## Quantum Gravity Seminar

### Week 3, Track 1

#### October 16, 2000

The Wizard was about to start the lecture, when in sauntered Oz -- late.

"I've got fireball protection." said Oz cockily "I'm invincible.". He looked at the Wizard haughtily. "Do your worst.".

"O, didn't I tell you?" asked the Wizard, raising his arm, "Fireball protection wears off after 6 1/2 days.".

Oz paused for a moment and then ran to his seat. He sat attentively, notebook open and pencil in hand, like a good little student.

"That's better." said the Wizard.

"Now that we've seen cups and caps, I want to show you why duals are rotations and not reflections. We know that, when we see the diagram

```         |
|
|
V ^              _______
|             /       \
|            /         \
|         V v           |
\         /            |
\_______/             |
V ^
|
|
|

```
we want to pull it straight to get
```
|
|
V ^
|
|

```
So, what do you suppose we want to do with
```
|
|
|
|              _______
|             /       \
|            /         \
W ^         V v           |
|           |           |
|           |           |
|          / \          |
|         | T |         |
|          \_/          |
|           |           |
|           |           |
|         W v         V ^
\         /            |
\_______/             |
|
|
|
|

```
where T: V -> W? Well, if you do a calculation (which is your homework, BTW), you find that this equals
```
|
|
W ^
|
|
/ \
| T*|
\_/
|
|
V ^
|
|

```
But, if you physically pull the first diagram straight, you'll be rotating T to get T*. So, duals are rotations.".

"Another way to see that duals are rotations" said Toby the Acolyte "is that (V (x) W)* is W* (x) V*, not V* (x) W*. That is, the dual of

```         |           |
|           |
V v         W v
|           |
|           |

```
is
```
|           |
|           |
W ^         V ^
|           |
|           |
```
which you get by rotating, not reflecting.".

"Hey!" said the Wizard "You're not supposed to be drawing diagrams. Give me that wand!".

Toby the Acolyte tossed the wand he'd been using over to Wizard, leaving showering sparks of drawing particles in an epicylic parabolic trajectory.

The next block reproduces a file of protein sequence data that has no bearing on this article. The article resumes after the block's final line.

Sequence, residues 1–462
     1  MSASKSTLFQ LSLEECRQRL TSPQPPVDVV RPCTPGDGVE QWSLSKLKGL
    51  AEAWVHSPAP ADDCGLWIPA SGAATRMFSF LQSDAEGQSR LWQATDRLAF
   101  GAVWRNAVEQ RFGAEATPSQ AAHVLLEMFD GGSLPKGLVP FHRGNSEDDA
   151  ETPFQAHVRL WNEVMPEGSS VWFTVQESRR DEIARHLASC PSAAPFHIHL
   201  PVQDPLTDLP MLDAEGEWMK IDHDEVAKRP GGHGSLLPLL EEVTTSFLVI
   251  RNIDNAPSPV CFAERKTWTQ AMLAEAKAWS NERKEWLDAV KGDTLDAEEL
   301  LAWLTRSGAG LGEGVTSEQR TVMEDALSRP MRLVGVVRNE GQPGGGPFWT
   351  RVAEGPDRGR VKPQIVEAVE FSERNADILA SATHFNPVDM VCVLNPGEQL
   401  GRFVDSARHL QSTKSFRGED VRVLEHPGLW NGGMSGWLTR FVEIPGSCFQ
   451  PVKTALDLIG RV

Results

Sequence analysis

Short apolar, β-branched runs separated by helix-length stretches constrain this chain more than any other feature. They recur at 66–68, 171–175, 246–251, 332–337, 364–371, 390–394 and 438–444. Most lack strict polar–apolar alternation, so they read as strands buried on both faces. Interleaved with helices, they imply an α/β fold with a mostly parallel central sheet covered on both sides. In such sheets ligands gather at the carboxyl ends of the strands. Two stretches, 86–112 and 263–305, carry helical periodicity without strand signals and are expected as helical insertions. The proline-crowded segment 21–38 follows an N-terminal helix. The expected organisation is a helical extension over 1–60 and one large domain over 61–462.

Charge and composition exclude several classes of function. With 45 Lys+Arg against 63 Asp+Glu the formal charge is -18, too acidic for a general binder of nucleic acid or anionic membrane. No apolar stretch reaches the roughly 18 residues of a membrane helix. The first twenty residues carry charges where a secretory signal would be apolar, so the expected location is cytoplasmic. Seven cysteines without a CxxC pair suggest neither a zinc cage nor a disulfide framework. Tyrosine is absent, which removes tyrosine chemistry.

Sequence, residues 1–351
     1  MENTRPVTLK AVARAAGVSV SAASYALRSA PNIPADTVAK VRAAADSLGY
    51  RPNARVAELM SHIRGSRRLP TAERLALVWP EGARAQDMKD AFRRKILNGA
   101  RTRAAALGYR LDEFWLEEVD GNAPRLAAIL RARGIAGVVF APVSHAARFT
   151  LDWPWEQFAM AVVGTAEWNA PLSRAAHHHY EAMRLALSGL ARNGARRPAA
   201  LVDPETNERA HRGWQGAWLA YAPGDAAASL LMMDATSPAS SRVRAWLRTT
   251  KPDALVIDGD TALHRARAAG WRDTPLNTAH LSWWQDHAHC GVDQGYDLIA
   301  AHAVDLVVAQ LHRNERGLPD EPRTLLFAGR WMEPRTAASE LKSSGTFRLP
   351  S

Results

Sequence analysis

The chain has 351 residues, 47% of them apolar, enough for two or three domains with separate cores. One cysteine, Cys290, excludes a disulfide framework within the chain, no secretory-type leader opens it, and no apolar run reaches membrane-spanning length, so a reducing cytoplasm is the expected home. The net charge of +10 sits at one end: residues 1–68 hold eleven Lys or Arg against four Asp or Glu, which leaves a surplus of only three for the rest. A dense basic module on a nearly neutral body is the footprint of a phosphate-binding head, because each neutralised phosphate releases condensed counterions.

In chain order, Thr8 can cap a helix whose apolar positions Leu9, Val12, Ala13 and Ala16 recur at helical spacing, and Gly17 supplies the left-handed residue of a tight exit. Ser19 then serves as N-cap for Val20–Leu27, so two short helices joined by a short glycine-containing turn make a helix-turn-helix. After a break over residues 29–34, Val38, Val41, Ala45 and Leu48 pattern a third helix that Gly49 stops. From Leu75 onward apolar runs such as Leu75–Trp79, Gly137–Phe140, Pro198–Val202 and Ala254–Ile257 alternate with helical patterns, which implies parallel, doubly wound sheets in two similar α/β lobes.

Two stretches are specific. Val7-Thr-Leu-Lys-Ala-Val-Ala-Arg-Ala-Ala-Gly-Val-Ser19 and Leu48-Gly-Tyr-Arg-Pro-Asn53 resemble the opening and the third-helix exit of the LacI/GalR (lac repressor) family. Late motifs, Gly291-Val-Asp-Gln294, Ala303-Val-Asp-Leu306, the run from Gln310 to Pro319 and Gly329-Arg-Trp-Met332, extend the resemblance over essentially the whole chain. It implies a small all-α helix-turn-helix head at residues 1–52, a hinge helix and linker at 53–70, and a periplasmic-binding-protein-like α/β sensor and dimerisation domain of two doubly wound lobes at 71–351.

"Yes," said the Wizard, as he caught the wand and put it in his bag of tricks, "the most natural definition of (V (x) W)* is W* (x) V*, not V* (x) W*. Of course, we know that these 2 spaces are really the same, but our diagrams don't, as I've mentioned from time to time.

But! -- today we're going to teach our diagrams to do this. There is a natural map from BV,W: V (x) W -> W (x) V called the "braiding". Why is it called that? Well, let me draw it:

```
|     |
|     |
V v     v W
\   /
\ /
/
/ \
/   \
W v     v V
|     |
|     |

```
As you can see, V goes underneath W, just like 2 strands of a braid. And notice that we can only do this by using 3 dimensions in our diagrams. The reason our diagrams couldn't do this before is that they had only 2 dimensions.

Imagine you were a resident of Flatland. If V and W were 2 objects, you could allow them to switch places. You could move them around one another. That's because Flatlander's spacetime has 3 dimensions, just like our diagrams now have. But, if you were a resident of Lineland, 2 objects could never switch places. That's because Lineland's spacetime has only 2 dimensions, like our diagrams had until today. Of course, we're better than Flatlanders; we have 4 spacetime dimensions. Later on, we'll see what that gets us in the diagrams.

Now consider this diagram:

```
|     |
|     |
W v     v V
\   /
\ /
\
/ \
/   \
V v     v W
|     |
|     |
```
This is not BW,V! BW,V is
```
|     |
|     |
W v     v V
\   /
\ /
/
/ \
/   \
V v     v W
|     |
|     |

```
Notice the difference in which side crosses over which.
```
|     |
|     |
W v     v V
\   /
\ /
\
/ \
/   \
V v     v W
|     |
|     |

```
rather, is the inverse of BV,W, BV,W-1. Why?".

"Well," said Toby the Acolyte "if you put one of them on top of the other, then you can just pull them apart.".

"Right," said the Wizard, like so:

```
|     |           |     |
|     |           |     |
V v     v W         |     |
\   /            |     |
\ /             |     |
/              |     |
/ \             |     |
/   \            |     |
W v     v V   =   V v     v W
\   /            |     |
\ /             |     |
\              |     |
/ \             |     |
/   \            |     |